This guest blog was contributed by Tawnya Stone | 10/8/13
Like many other families, we spend our evenings and weekends running from activity to activity. This requires an extreme amount of planning and coordination to make sure we don’t accidentally leave one kid at soccer practice while we are supposed to be carpooling to dance. For this reason, my husband and I live by our calendars.
Long ago, we each had our own handwritten calendars, but that never accounted for the last-minute changes and additions. Once we progressed to each having our own electronic calendars, it was easier to make changes, but we didn’t have the synchronization issue resolved. This is an example of how technology solved one issue, but not the one that was causing the most pain.
The answer to our problems was not only to have electronic calendars that keep our own professional appointments, but also to have a shared calendar. The shared calendar shows all family events and is, by default, synchronized without requiring extra steps or manual intervention to keep updated.
People who are looking for and implementing business technology solutions struggle with the same issue. It’s easy to throw technology at a problem, but a successful outcome relies on incorporating a solution that solves not just one issue, but addresses the biggest (and often multiple) problems.
When identifying processes that would benefit from automation, it’s important to not assume utilizing technology will automatically make the process better. It may feel like progress is being made. However, many times, the pain, expense and inconvenience of making a change – without solving the greatest problem – will create an even less-efficient process than the original manual process.
Understanding all the steps is obviously the first part to automating a process, but it’s more important to understand the primary objectives of the process. Why is this process important? What is the goal for this process? What problem does this process address? What is the outcome once the process is complete? What does a successful outcome look like? What are the elements that are causing the most pain today? Examining each step and its relationship to achieving the overall goal will aid in determining whether the step needs to exist in the newly automated world. Automating a bad process will not give you the outcome you are seeking. It will just wrap technology around it, without addressing the real problem.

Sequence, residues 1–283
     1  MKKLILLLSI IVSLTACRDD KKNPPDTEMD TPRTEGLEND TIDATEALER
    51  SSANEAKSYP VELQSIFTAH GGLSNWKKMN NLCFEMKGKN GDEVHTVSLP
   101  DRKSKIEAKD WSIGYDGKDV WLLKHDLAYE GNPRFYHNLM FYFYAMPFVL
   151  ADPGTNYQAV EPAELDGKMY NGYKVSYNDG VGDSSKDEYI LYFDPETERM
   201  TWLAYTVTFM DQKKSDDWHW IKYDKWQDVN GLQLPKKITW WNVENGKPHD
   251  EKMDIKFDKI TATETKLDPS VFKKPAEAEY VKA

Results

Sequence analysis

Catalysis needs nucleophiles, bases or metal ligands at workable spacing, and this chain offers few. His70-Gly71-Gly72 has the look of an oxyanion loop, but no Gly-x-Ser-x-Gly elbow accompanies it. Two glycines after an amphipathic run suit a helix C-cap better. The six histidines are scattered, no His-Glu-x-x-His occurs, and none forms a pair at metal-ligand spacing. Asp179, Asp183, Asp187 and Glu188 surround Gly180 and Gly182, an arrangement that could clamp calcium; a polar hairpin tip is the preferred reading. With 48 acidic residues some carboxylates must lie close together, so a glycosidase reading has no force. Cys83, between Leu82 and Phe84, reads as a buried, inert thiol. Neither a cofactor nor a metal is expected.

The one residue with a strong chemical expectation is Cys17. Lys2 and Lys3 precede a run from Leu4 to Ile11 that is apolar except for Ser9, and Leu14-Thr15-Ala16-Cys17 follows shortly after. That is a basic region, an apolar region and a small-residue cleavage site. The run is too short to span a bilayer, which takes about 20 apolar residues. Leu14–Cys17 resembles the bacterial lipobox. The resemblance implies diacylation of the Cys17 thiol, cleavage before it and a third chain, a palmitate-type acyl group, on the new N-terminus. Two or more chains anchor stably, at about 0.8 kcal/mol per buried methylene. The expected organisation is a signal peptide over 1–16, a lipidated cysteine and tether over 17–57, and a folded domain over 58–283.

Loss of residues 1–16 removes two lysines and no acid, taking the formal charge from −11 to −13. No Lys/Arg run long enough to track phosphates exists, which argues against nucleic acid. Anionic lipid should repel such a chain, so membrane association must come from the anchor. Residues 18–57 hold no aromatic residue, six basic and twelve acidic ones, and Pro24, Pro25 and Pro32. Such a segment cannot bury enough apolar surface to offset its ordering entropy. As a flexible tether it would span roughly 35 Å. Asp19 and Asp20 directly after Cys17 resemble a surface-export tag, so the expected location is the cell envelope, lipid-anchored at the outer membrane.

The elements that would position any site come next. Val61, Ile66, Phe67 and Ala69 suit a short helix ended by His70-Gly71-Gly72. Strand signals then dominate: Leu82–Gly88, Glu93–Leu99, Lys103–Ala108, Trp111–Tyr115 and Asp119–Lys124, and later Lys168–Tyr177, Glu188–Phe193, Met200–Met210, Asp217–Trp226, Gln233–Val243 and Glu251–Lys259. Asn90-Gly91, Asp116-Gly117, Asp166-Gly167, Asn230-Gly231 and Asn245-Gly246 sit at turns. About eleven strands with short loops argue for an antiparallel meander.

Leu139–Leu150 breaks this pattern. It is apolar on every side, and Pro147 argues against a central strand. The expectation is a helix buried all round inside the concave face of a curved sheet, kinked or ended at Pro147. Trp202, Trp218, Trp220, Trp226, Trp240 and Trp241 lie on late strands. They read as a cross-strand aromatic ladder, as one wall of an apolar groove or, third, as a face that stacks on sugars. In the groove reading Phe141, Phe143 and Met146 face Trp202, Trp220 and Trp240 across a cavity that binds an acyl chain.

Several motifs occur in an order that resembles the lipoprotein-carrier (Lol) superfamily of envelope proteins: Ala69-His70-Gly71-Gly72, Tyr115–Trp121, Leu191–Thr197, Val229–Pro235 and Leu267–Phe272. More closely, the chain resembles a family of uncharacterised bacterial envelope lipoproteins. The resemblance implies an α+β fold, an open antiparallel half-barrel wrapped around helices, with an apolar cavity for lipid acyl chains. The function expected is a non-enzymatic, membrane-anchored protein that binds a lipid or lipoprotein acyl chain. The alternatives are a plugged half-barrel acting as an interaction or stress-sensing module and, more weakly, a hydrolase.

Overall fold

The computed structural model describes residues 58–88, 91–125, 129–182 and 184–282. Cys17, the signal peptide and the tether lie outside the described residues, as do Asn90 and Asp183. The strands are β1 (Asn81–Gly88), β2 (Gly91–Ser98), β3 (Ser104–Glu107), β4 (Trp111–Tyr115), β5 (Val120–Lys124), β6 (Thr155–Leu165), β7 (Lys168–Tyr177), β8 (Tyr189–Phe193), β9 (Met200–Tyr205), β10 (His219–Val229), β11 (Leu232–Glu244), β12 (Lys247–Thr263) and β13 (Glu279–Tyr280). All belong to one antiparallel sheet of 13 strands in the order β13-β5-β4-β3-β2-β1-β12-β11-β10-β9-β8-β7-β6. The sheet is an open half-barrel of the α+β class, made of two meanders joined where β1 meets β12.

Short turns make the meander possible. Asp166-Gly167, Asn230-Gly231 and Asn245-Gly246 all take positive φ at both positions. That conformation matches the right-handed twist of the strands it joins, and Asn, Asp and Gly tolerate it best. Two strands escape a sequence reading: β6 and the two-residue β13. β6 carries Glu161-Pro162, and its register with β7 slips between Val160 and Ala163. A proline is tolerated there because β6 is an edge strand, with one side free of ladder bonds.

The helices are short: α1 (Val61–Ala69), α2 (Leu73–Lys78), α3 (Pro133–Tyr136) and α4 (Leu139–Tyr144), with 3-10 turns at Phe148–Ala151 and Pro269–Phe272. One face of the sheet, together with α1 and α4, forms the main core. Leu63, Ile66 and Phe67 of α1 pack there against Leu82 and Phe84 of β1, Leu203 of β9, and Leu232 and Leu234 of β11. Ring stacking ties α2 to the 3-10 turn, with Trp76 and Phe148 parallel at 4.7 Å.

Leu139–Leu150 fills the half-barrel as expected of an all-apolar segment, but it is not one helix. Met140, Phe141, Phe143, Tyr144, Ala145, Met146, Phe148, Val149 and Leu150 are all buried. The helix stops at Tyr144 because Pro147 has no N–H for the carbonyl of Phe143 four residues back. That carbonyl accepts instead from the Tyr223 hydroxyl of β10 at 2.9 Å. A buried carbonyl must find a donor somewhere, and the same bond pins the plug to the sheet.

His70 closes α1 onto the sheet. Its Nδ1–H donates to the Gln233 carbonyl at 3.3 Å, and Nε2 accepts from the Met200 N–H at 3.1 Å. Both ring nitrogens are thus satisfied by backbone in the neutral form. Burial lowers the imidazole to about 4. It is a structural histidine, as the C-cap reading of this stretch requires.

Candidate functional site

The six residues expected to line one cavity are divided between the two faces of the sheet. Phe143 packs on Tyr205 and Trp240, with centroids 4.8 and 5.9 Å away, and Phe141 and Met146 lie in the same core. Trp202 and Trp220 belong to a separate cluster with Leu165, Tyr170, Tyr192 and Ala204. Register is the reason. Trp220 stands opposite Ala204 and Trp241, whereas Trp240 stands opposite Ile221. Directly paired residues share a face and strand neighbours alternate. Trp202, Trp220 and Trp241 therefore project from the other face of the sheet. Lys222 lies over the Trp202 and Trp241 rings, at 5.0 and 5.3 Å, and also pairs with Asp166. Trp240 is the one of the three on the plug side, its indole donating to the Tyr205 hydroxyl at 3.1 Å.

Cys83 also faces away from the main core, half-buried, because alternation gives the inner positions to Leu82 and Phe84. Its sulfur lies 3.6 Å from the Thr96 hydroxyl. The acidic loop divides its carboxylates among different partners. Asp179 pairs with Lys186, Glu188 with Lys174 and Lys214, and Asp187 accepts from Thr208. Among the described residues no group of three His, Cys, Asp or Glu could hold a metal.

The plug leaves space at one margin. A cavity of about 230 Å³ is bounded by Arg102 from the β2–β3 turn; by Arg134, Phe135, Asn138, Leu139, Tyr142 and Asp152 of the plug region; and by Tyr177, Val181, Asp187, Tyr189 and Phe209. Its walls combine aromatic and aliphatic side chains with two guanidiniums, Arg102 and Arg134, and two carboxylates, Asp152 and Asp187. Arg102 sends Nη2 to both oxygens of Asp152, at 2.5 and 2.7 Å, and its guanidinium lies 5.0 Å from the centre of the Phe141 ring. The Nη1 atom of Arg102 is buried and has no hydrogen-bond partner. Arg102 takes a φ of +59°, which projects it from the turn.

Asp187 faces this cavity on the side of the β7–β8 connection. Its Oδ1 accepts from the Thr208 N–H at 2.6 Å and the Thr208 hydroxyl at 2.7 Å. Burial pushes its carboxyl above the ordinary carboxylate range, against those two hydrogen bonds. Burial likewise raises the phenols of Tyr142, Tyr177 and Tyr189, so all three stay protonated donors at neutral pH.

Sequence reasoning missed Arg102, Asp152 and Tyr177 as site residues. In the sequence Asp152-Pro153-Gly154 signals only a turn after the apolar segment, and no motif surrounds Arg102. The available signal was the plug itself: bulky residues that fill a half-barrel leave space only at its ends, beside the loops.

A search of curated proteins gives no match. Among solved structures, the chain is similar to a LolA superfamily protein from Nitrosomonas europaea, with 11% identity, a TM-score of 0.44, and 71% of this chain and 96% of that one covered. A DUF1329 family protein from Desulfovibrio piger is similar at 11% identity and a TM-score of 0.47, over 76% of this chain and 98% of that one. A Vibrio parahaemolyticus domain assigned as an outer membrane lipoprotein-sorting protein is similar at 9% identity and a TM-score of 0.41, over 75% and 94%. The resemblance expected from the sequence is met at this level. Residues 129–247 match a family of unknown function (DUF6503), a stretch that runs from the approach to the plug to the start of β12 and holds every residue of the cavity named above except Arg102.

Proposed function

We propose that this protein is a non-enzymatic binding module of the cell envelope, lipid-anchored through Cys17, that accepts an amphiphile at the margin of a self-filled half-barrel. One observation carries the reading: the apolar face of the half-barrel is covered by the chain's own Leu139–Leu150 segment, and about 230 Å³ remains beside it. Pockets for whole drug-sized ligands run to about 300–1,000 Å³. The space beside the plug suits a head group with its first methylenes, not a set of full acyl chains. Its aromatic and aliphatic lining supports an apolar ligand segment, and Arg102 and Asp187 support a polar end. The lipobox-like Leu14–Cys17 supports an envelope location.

Even if it’s as simple as my family’s calendar synchronization, as a techno-geek, I love seeing technology in action. What is even more fun to see is when technology solves problems – and certainly the greatest problems. Look at each process as part of the bigger picture and find a way to automate that; now, that’s a cool way to use technology. Oh, I just got an alert from my smartphone: My son needs to get to soccer practice early today. Gotta run!
Tawnya Stone is Director, Business Unit Strategic Technology, at GreatAmerica Financial Services Corp. (http://www.greatamerica.com). She is responsible for working with GreatAmerica vendors and dealers to find opportunities to improve their operational effectiveness. She is also instrumental in architecting the company’s technology integrations and other software solutions. GreatAmerica is a member of Technology United (http://www.technologyunited.com).
Tawnya Stone is Vice President, Enterprise Strategic Technology, at GreatAmerica Financial Services Corp.